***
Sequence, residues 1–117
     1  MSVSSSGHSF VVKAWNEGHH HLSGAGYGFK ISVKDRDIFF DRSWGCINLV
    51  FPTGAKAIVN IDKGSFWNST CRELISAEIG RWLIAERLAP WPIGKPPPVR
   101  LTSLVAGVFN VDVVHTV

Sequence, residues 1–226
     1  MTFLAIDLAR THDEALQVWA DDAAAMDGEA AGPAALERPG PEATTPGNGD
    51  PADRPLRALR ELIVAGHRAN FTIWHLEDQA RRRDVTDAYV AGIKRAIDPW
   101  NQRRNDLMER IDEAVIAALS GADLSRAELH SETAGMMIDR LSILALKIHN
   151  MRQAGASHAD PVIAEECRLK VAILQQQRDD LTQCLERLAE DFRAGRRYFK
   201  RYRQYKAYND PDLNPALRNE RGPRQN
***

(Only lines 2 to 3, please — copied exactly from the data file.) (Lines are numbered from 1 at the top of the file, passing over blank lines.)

     1  MSVSSSGHSF VVKAWNEGHH HLSGAGYGFK ISVKDRDIFF DRSWGCINLV
    51  FPTGAKAIVN IDKGSFWNST CRELISAEIG RWLIAERLAP WPIGKPPPVR